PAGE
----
Tuesday, 4 August 2015

Personal Assistants...

I know it's a Tuesday but here is a bonus post because I feel guilty that I did not do one on Friday:

BBC Three has done what it does best by scratching beneath the surface and showing that disabled people are not special nor are we an inspiration to all. The 'Defying The Label' season alone proves why the channel will be sorely missed because it provides an entertaining yet highly informative view on a subject that the main channel wouldn't touch with a barge pole. It's just a shame that these kind of programmes, which illustrate that we are all human regardless of our physical condition will be seen by less people when the channel closes. I have found/am still finding all the shows very interesting but the two-parter about hiring PA's particularly resonated with me as I have had similar experiences to those in the documentary.

Probably the worst part of being disabled is living with the fact that you cannot do everyday tasks for yourself. For me, mundane activities that able-bodied people take for granted such as getting dressed are impossible and I need Personal Assistant's to help. My mum used to be my main carer when I was growing up and that was fine but as I entered adulthood, I no longer wanted to depend on my mother. I first got outside carers in shortly after my second spinal operation (aged 18) and have never looked back. I was obviously very nervous about getting strangers to care for me but having PA's has definitely improved my life and I couldn't imagine going back to relying on my parents.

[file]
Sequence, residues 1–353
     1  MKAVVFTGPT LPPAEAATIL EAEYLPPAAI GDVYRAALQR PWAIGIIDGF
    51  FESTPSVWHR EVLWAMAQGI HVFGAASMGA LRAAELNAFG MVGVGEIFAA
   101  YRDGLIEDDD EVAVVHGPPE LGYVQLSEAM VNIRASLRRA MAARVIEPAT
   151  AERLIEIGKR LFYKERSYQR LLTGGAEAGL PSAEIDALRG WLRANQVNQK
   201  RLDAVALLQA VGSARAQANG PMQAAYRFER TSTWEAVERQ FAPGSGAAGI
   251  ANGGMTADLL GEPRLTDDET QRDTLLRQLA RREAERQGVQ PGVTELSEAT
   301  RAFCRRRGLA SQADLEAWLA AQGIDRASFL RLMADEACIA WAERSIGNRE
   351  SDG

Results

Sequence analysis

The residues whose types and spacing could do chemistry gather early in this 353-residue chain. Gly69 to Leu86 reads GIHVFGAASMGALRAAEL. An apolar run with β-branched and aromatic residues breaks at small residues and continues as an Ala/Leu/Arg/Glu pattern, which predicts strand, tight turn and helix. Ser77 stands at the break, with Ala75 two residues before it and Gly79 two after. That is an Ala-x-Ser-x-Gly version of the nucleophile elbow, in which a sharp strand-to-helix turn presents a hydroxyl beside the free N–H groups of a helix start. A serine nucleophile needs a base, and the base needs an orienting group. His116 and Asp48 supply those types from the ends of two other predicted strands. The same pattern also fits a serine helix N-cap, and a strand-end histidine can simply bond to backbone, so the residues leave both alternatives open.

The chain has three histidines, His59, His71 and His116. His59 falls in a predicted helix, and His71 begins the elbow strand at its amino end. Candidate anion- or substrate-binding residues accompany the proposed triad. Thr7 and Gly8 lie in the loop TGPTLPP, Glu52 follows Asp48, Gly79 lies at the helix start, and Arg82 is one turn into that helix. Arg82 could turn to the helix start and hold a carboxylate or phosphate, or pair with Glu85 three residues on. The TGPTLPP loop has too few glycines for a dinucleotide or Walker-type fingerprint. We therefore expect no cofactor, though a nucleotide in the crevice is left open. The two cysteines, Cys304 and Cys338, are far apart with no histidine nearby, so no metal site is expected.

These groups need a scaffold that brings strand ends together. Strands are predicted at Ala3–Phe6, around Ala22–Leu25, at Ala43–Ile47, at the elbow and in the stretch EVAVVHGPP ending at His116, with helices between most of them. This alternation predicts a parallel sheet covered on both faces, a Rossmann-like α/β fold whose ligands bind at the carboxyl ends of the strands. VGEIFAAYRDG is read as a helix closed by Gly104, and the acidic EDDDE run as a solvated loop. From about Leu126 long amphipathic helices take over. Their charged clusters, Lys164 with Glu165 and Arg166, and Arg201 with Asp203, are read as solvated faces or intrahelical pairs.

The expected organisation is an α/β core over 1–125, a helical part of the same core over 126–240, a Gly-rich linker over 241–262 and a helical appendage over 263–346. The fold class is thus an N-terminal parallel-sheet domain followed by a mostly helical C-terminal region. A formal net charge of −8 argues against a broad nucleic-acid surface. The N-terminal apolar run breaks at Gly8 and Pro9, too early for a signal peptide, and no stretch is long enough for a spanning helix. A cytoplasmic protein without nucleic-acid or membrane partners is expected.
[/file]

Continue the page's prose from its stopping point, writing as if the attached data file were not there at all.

Two of my current Personal Assistant's have been with me since the very start back in 2012 (my brief Sabbatical at University aside) but so many others have come and gone. Some have moved on to another job or have gone traveling but I've parted ways with some purely because I'm very picky about who provides my care. As the name of the job suggests, it is personal and can be quite intimate so I've got to click with that person immediately or else it's safe to say, we're never going to work. It's like a relationship without any of the romance or sex. When it feels right, a true friendship blossoms. There are times when you are annoyed at them but you soon make up.

Click these two links if you want to watch both episodes:


As they say in the show, there are no where near enough carers (particularly young people) so it's a job worth thinking about. If you stay clear of care agencies who stifle all the money for profit, the pay is very competitive (way better than minimum wage jobs for massive corporations). Also, where else do you get paid to go to the cinema, out clubbing or even on holiday? OK- not every aspect of the job is fun and games but the good times outweigh the bad times. It definitely might be something worth considering for your next job.

Bye for now!

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